### Exercises

#### Adult vs Newborn Size 2

This is a follow up to Adult vs Newborn Size 1.

We’ve graphed the relationship between adult size and new born size in mammals and now it’s time to analyze the relationship statistically.

- Do a regression where x is log10(adult mass) and y is log10(newborn mass)
- Print the summary statistics for this regression
- Make a graph that shows both the data points and the regression line through those points. Label the axes

*Optional: If you want, plot a histogram of the residuals of the regression to make sure that they are roughly normally distributed (you can do this with just a single line of code)**Expected outputs for Adult vs Newborn Size 2:**1**2*#### Shrub Volume 3

This is a follow up to Shrub Volume 2.

Dr. Granger is interested in studying the factors controlling the size and carbon storage of shrubs. This research is part of a larger area of research trying to understand carbon storage by plants. She has conducted a small preliminary experiment looking at the effect of three different treatments on shrub volume at four different locations. She wants to conduct a preliminary analysis of these data to include in a grant proposal and she would like you to conduct the analysis for her (she might be a world renowned expert in carbon storage in plants, but she sure doesn’t know much about computers). She has placed a data file on the web for you to download. She wants you to run an ANOVA to determine if the different experimental treatments lead to differences in shrub carbon.

- Import the data using Pandas and print out the first few rows of the data
using the
`.head()`

method. - Write a function to calculate the shrub carbon using a column of lengths, a
column of widths and a column of heights, using the equation

`1.8 + 2 * log(volume)`

where`volume`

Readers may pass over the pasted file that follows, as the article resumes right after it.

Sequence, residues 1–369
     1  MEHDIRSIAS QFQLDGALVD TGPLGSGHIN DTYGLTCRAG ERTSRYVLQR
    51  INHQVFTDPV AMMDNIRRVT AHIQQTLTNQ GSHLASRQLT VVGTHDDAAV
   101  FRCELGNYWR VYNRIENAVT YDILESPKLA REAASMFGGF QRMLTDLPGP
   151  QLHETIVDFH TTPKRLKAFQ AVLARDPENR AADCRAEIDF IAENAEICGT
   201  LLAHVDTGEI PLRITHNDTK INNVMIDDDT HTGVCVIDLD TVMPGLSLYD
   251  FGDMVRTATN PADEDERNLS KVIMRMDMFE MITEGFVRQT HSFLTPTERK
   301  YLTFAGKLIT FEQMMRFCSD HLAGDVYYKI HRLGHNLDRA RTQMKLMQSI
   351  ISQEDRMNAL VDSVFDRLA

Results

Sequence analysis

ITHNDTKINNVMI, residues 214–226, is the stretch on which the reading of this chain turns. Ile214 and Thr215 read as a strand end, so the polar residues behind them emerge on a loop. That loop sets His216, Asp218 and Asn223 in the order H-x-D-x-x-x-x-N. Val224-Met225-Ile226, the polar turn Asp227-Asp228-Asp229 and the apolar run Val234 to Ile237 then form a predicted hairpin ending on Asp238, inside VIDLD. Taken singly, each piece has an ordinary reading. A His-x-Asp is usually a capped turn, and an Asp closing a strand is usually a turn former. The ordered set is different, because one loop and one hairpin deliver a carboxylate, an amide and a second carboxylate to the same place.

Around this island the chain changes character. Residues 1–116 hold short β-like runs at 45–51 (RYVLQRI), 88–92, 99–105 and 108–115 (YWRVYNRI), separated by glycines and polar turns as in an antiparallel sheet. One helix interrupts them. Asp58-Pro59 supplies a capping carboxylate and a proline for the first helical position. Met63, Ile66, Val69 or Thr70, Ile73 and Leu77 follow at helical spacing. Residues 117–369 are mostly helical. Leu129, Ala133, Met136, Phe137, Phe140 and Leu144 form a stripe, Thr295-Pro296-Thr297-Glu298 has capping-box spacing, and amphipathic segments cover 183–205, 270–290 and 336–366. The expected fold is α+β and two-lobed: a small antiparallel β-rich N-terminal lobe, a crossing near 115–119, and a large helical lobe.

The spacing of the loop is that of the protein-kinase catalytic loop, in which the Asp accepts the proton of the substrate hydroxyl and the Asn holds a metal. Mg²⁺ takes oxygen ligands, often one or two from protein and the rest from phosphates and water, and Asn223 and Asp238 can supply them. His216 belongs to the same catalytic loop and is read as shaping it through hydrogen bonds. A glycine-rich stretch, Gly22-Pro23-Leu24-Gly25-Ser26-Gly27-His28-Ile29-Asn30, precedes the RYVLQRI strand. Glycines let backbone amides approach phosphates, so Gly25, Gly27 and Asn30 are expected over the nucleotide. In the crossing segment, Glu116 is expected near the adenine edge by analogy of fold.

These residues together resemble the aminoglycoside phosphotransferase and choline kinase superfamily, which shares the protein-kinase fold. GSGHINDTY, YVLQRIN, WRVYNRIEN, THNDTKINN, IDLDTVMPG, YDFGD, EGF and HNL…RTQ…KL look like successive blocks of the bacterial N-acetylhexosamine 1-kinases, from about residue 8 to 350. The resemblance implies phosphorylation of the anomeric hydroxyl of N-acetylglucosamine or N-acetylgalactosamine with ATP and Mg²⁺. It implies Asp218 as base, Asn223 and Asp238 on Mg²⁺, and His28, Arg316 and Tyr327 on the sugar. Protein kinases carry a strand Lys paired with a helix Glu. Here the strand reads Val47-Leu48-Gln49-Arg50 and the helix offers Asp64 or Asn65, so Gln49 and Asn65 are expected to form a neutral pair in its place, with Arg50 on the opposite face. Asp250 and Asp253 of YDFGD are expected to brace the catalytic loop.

is the volume of the shrub. You’ll need to use the`numpy`

version of the`log()`

function. Call the function to

get a column of shrub carbons and then print out that column. - Use this function to get a column of carbons for all of the shrubs in the
table and append that column to your existing dataframe using a command like
`data['carbon'] = get_shrub_carbons(lengths, widths, heights)`

. Print out the entire dataframe. - Do an ANOVA to determine if the experiment has an influence on the shrub
carbon and print out the results in a standard ANOVA table using
`anova_lm()`

. You can import`anova_lm()`

using`from statsmodels.stats.anova import anova_lm`

.

*Expected outputs for Shrub Volume 3:**1*- Import the data using Pandas and print out the first few rows of the data
using the
#### Mammal Body Size 4

This is a follow up to Mammal Body Size 1 and Mammal Body Size 3.

We have previously compared the average masses of extant and extinct species on different continents to try to understand whether size has an influence on extinction in mammals. We’ve done this by looking at the means and by comparing the histograms for extinct and extant species, but we haven’t done any statistics yet to actually test if the average sizes are different.

Perform either a two-sample t-test to compare the average sizes of the extinct and extant species in each continent.

Save the results as a

`csv`

file named`size_comparison_results.csv`

, where the first column is the name of the continent, the second column is the average mass for the extant species, the third column is the average mass for the extinct species, and the fourth column is the p-value for whether or not they are different.*Expected outputs for Mammal Body Size 4:**1*